​​​


 
Reading Out Loud
Content Is King… It is the work that makes the difference
Major things to remember:
Own the space            This is your work… demonstrate you care
Manage your breath            Punctuation should guide you… Read ahead
Make the words dance        Breathe life into your words
Emphasize the important parts    Demonstrate with your voice

Feelings        Help the reader feel the caress of the wind… taste the vinegar 
Emotions        Fear of snakes… The sensation of falling… Sound of a gun being cocked
Reactions        The cold hand on your shoulder in the dark… A kiss on the neck
Dialogue        Different voices for different characters…
            Inflections… Speed of delivery… Emphasize the important

Your selection     Choose a self-contained scene … 
            Have a Beginning, Middle, and End
            Should have a small cast of characters… Four or less.
            Pick easily identified characters
Volume
    Projection… Read to the people in the back of the room
    Speak slower… About half of your normal speech speed
            Let the listener follow you
            No droning… Writing was developed to record spoken speech
    Your words should tell the story… Use tone and inflection for the important parts.
Practice practice practice practice practice practice practice






 






Stephen Kings Ten Rules for Success

One Love what you do.

Two Be yourself.

Three Explore new ideas.

Four The good ideas stay with you.

Five Love the process.

Six Learn from rejections.

Seven Look for ideas you enjoy.

Eight Find your creative process.

Nine Pass something on.

Ten Tell great stories.

Earl Nightingale's Ten Rules for Success

One Improve your attitude.

Two Recognize opportunity.

Three Exercise your mind.

Four Invest in yourself.

Five Increase your service.

Six Become irreplaceable.

Seven Don't follow the follower.

Eight Treat your customers well.

Nine Learn how to solve problems.

Ten We become what we think about.

Are those you are following, going where you want to go?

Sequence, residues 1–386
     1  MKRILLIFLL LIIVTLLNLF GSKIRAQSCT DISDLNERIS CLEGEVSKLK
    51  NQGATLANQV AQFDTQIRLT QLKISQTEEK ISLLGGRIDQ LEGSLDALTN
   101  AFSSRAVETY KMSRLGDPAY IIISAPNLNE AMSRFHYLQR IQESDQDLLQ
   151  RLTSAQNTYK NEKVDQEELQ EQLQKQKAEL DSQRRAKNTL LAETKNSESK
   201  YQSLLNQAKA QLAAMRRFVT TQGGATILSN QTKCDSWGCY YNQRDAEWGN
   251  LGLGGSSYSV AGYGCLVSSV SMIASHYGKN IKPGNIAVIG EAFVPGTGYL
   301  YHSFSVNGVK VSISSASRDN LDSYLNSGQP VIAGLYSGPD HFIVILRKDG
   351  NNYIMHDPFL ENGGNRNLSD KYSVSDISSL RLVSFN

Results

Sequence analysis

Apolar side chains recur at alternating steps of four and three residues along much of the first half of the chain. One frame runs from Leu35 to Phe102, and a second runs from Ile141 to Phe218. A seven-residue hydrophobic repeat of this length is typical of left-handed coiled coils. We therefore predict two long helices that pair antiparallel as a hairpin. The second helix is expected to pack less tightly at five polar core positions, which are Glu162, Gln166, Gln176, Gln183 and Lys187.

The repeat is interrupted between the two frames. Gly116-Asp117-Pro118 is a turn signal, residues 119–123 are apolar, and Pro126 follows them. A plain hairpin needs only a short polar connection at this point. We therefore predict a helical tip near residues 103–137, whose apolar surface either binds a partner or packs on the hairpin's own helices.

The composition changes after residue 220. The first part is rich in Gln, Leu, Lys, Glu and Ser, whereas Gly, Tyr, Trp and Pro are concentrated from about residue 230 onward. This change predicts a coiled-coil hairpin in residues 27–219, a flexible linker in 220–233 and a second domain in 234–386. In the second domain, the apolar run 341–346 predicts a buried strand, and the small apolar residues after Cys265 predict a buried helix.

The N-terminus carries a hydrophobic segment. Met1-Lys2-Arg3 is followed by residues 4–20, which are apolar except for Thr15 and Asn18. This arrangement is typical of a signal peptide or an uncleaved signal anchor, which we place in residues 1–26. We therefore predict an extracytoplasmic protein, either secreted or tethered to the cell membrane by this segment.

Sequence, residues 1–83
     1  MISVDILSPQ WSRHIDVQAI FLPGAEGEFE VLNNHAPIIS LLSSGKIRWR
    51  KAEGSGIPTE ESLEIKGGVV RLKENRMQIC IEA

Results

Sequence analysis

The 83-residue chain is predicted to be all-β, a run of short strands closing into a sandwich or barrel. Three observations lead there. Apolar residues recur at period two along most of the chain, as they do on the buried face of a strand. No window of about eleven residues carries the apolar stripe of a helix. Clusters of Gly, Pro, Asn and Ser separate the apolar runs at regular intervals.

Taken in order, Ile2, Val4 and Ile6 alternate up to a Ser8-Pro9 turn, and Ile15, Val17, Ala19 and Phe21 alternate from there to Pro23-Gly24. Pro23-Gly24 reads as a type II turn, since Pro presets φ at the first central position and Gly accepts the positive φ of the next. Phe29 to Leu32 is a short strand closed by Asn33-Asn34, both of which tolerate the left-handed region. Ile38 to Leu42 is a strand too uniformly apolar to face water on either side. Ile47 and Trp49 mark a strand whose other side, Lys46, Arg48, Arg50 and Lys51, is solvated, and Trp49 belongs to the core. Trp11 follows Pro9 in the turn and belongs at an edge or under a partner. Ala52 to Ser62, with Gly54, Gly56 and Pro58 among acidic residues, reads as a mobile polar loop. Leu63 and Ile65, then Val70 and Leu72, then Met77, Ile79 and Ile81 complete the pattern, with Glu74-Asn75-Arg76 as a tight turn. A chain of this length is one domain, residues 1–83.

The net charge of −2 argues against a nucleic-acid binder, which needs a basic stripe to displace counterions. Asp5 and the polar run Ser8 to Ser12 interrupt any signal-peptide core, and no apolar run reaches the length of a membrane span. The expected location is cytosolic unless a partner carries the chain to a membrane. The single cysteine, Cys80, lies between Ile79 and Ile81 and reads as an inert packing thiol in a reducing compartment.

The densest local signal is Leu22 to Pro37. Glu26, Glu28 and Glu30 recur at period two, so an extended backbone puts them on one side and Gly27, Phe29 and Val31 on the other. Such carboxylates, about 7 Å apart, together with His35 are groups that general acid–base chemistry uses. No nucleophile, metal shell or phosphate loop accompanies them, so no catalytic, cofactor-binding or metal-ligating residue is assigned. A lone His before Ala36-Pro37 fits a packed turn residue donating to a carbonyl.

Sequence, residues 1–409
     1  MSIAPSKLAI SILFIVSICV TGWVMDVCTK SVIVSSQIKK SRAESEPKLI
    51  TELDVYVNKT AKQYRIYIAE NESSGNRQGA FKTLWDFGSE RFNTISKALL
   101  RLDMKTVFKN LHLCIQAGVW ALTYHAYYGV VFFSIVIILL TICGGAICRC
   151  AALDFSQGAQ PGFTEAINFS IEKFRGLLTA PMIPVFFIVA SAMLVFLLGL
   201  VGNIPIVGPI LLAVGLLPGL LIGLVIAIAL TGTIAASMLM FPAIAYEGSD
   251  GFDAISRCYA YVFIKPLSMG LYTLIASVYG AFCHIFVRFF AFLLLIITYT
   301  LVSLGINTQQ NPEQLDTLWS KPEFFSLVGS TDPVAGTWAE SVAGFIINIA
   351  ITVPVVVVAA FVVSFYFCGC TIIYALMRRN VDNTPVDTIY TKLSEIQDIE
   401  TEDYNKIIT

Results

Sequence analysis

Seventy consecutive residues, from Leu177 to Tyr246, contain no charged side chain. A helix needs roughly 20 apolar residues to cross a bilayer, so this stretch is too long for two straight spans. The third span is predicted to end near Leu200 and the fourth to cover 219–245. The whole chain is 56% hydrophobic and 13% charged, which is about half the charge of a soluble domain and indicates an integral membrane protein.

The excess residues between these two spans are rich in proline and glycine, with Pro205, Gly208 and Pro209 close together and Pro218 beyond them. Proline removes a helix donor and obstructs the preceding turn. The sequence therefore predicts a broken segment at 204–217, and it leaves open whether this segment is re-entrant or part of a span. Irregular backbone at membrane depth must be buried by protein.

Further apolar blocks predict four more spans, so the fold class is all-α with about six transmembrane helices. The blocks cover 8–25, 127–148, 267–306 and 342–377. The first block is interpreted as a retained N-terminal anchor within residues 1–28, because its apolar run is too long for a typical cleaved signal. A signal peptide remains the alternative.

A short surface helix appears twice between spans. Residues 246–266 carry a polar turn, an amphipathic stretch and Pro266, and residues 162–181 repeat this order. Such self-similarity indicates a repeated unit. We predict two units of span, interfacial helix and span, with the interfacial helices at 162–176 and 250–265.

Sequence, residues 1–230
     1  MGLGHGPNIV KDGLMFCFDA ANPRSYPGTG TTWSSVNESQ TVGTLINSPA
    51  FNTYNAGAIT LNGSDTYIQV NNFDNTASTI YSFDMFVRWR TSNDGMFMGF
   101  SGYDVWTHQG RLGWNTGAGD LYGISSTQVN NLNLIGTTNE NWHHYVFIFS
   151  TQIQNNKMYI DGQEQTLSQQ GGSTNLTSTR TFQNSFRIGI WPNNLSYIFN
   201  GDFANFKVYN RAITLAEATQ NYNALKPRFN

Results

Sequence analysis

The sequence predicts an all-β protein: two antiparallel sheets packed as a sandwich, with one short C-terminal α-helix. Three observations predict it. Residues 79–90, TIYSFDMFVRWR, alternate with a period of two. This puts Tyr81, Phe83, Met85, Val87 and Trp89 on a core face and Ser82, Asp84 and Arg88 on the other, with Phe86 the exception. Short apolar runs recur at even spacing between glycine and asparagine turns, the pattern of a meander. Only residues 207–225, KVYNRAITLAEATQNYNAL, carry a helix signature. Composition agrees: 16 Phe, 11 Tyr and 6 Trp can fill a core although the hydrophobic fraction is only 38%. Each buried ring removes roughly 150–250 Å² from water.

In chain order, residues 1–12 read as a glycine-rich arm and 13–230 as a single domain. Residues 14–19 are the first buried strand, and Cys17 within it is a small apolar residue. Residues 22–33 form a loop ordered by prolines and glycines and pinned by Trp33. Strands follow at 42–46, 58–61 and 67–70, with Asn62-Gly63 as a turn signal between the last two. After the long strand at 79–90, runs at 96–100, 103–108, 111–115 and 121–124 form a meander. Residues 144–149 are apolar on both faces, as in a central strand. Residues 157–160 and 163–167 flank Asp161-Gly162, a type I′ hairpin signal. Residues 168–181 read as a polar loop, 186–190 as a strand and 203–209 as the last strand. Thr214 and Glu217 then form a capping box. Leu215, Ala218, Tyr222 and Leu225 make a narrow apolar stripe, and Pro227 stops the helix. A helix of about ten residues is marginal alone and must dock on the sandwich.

Earl Nightingale 

BRUNCH AT THE BLACKBIRD CAFE


Our next Brunch will be Tuesday, DECEMBER 27 at 10:15 a.m. at the Reynolds Library (College Street at the Bypass). Knox Room B is the third door on your right as you enter the Library lobby.If we are not there, we will in the meeting room be at the far end of the library directly across from the circulation desk.

 

You are allowed to bring your own food or you can purchase drinks, pastries, salads, sandwiches and quiche at the Blackbird Cafe across the lobby. Join us for conversation on any and all topics.

  

Join us for lively conversation about anything and everything. You can also bring a short (1500 words or less) manuscript to share or for a critique.

 

EMERY RED CANOE AWARD

 

At the June Twin Lakes Writers meeting, Chuck Butkus brought a box of cards with topics designed to inspire writers with starting points. Four of our members each selected a card. These were: 

a recent immigrant

prison

abandoned building

fear of getting old

For the Red Canoe, you are to use all four in a 500 word or less story. 
Twin Lakes Writers

SATURDAY JUNE 11 WILL BE THE MEETING 
TWIN LAKES WRITERS NEWSLETTER

http://www.twinlakeswriters.org/

 

Meeting: Saturday, June 11

1:00 p.m. to 3:00 p.m.

Unitarian Universalist Fellowship Hall

401 E. 9th Street (Highway 5 and College)

Mountain Home

Gray blue building that used to be a store. The sign on 9th Street reads “Fellowship Hall.” The College Street sign reads “Unitarian Universalist Church.” Park either in front or back. Enter through glass door on 9th Street (Highway 5)

 

SEND ME INTERESTING INFORMATION YOU COME ACROSS  

AND WHAT YOU ARE WRITING, SUBMITTING AND PUBLISHING

 

MAY MEETING

Heather Tolliver joined us at the May meeting. She writes historical fiction. She is in the “Professional Writing” Masters Degree program at Arkansas State University, Mountain Home. Steve Kampen made a presentation on “Tips for a Successful Book Signing” (see attachment to newsletter).

 

EMERY RED CANOE AWARD  

 Chuck Butkus won the Emery Red Canoe at the May meeting with his entry “How to Write a Story” (see end of newsletter). He will bring information about the next Red Canoe Award topic to our June meeting.

 

BRUNCH AT THE BLACKBIRD CAFE 

Our next Brunch will be Tuesday, AUGUST 23 from 10:15 a.m. until noon in Knox Room B. Knox Room B is the third door on your right as you enter the Library lobby. If you don’t find us in Knox B, we will be in the smaller conference room on the outside wall to your left in the main library. Join us for conversation on any and all topics.